Separately, new Home Office data revealed the number of full-time civil servants working at the Passport Office has fallen from 3,913 to 3,232 over the past five years, with agency replacing many of them.
MANCHESTER AIRPORT: Holidaymakers queue for check-in in the Jet2 area of Manchester Airport Terminal Two yesterday
BRISTOL AIRPORT: Holidaymakers and commuters flying from Bristol encounter lengthy queues before 4am yesterday
LONDON HEATHROW: A traveller described the ‘worst passport queue I’ve ever encountered at Heathrow’ yesterday
A parliamentary answer to shadow home secretary Yvette Cooper also revealed more than 35,000 people waited more than ten weeks for a passport between January and March 2022.
EasyJet flights that have been cancelled today
A total of 47 easyJet flights have been cancelled today.
The total listed below is 59, but that includes duplicates – for example, Belfast-Birmingham is listed twice, once as a Belfast departure and once as Birmingham arrival.
- 8 departures: Almeria, Catania, Montpellier, Belfast, Preveza, Krakow, Madrid, Prague
- 8 arrivals: Belfast, Montpellier, Milan, Catania, Preveza, Prague, Madrid, Krakow
- 5 departures – Paris, Berlin, Jersey, Edinburgh, Malaga
- 5 arrivals – Lisbon, Paris, Berlin, Jersey, Edinburgh
- 4 departures: Newcastle, Glasgow, Birmingham, Stansted
- 4 arrivals: Newcastle, Glasgow, Birmingham, Stansted
- 4 departures: Hurghada, Paris, Bilbao, Biarritz
- 3 arrivals: Paris, Bilbao, Biarritz
- 3 departures: Amsterdam, Belfast, Glasgow
- 3 arrivals: Amsterdam, Belfast, Glasgow
- 2 departures: Belfast, Amsterdam
- 2 arrivals: Belfast, Amsterdam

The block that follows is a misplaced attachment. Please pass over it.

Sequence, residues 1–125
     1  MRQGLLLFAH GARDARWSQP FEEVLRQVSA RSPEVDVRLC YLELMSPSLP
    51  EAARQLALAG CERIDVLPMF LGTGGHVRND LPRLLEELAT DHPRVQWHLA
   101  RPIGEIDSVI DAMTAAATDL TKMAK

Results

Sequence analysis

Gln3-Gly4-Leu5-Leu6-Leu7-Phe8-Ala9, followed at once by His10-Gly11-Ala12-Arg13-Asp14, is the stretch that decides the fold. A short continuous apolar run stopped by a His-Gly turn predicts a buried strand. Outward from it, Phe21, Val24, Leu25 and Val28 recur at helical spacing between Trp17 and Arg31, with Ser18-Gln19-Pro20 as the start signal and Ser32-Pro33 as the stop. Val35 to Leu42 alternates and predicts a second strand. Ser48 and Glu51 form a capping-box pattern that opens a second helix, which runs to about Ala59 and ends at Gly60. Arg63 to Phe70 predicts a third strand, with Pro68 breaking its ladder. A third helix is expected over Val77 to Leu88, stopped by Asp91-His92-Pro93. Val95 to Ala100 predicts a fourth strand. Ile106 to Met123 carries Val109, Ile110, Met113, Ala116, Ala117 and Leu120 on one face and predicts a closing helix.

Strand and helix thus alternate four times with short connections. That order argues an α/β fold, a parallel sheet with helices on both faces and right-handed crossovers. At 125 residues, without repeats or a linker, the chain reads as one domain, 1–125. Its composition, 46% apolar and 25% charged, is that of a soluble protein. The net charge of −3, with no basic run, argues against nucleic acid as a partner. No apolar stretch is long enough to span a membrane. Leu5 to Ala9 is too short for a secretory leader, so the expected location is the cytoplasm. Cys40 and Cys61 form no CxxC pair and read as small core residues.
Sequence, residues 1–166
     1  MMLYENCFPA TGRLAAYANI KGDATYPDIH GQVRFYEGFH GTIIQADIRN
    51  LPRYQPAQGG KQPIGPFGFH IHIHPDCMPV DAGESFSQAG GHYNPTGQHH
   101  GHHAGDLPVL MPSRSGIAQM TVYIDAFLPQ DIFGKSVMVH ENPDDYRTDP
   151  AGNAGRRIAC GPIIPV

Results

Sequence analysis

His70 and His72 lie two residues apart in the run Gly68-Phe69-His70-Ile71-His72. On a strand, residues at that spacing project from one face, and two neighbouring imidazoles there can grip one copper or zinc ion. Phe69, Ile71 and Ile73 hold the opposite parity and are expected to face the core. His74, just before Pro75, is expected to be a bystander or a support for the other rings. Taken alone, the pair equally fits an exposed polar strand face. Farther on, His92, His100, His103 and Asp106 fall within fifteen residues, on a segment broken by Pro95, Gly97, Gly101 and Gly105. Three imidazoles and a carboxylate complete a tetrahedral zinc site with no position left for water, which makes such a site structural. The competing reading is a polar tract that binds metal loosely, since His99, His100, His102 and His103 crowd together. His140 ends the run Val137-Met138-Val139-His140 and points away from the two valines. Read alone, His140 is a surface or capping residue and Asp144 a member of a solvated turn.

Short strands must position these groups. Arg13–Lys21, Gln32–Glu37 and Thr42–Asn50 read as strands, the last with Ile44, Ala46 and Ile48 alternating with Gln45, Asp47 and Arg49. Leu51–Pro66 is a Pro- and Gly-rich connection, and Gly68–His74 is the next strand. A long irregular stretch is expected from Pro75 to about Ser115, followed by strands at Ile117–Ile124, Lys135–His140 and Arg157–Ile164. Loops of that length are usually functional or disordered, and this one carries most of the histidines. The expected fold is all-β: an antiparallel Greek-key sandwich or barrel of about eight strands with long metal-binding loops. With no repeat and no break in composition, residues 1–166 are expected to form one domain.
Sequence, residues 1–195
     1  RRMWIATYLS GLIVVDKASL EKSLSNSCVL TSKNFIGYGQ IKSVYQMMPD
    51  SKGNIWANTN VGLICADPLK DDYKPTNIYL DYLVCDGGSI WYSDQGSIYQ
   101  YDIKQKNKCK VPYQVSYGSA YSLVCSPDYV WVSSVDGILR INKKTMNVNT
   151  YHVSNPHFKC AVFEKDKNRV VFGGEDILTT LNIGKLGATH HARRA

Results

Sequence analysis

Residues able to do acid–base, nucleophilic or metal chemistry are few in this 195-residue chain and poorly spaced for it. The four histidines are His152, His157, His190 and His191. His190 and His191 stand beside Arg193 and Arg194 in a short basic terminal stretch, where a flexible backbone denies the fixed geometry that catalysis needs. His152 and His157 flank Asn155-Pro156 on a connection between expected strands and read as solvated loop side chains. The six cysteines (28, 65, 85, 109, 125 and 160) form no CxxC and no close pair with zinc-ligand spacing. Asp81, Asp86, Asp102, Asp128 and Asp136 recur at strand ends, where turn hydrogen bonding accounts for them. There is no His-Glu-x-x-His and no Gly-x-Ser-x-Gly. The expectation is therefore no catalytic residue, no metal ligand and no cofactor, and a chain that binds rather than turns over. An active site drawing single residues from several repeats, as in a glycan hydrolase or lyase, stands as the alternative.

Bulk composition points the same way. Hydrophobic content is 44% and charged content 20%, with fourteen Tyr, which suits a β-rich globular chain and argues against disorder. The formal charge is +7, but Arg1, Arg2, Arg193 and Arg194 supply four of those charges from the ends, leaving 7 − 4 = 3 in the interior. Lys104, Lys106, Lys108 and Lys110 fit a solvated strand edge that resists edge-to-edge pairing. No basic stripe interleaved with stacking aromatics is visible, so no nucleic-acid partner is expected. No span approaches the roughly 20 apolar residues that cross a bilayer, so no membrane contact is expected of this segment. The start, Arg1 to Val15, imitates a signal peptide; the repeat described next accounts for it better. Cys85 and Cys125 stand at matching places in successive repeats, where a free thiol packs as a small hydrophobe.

- 2 departures: Belfast, Stansted
- 2 arrivals: Belfast, Stansted
- 1 departures: Luton
- 1 arrivals: Luton
- Departures: Belfast
- Arrivals: Belfast
This figure disputes the claim given by Prime Minister Boris Johnson in Parliament last month that everyone was receiving a passport within four to six weeks of their application, reported The Times.
A HM Passport Office spokesman told MailOnline today: ‘Staff are processing approximately 250,000 passport applications each week and the latest figures show that 98.5 per cent of applications have been completed within 10 weeks.
‘But we cannot compromise security checks and people should apply with plenty of time prior to travelling.
‘Since April 2021, we’ve clearly stated that people should allow up to ten weeks when applying for their passport to factor in the increased demand, which has seen five million people delay their passport application due to the pandemic.
‘An expedited service is available to help the small percentage of people whose applications take longer than ten weeks to receive their passports before they travel.’
It comes as airlines are being forced to charter planes to meet soaring passenger demand due to the aviation staff crisis.
TUI, easyJet and British Airways are among those chartering planes at great expense just so they can fulfil holiday bookings.
It is understood the airlines have plenty of planes but not enough cabin crew to steward them.
Charter planes come with cabin crew, meaning it is preferable to lease these rather than cancel holidays.
But it means travellers’ flight times can change at the last-minute, creating more chaos for holidaymakers.
This particularly affects those who have booked train tickets in advance in accordance with their departure time. It also means food and drink is not always available on flights.
Thousands of travellers are receiving emails from carriers saying their airline has been changed to a charter service, which can create confusion when it comes to boarding.
EasyJet passengers flying from Gatwick airport to Kalamata, in Greece, at the weekend were sent an email saying: ‘Please be advised that your flight is operated by SmartLynx Latvia on behalf of easyJet.